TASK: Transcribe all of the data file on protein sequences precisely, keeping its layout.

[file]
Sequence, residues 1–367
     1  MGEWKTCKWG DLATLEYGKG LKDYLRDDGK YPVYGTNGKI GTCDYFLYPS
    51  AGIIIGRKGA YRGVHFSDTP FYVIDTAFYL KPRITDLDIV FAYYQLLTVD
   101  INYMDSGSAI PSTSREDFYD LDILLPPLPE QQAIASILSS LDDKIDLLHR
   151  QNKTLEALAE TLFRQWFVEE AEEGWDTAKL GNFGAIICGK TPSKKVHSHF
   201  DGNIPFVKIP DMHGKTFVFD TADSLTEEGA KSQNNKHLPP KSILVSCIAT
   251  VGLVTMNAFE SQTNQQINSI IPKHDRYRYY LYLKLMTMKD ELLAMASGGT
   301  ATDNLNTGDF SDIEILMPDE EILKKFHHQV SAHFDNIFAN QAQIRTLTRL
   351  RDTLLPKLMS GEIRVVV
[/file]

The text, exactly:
Sequence, residues 1–367
     1  MGEWKTCKWG DLATLEYGKG LKDYLRDDGK YPVYGTNGKI GTCDYFLYPS
    51  AGIIIGRKGA YRGVHFSDTP FYVIDTAFYL KPRITDLDIV FAYYQLLTVD
   101  INYMDSGSAI PSTSREDFYD LDILLPPLPE QQAIASILSS LDDKIDLLHR
   151  QNKTLEALAE TLFRQWFVEE AEEGWDTAKL GNFGAIICGK TPSKKVHSHF
   201  DGNIPFVKIP DMHGKTFVFD TADSLTEEGA KSQNNKHLPP KSILVSCIAT
   251  VGLVTMNAFE SQTNQQINSI IPKHDRYRYY LYLKLMTMKD ELLAMASGGT
   301  ATDNLNTGDF SDIEILMPDE EILKKFHHQV SAHFDNIFAN QAQIRTLTRL
   351  RDTLLPKLMS GEIRVVV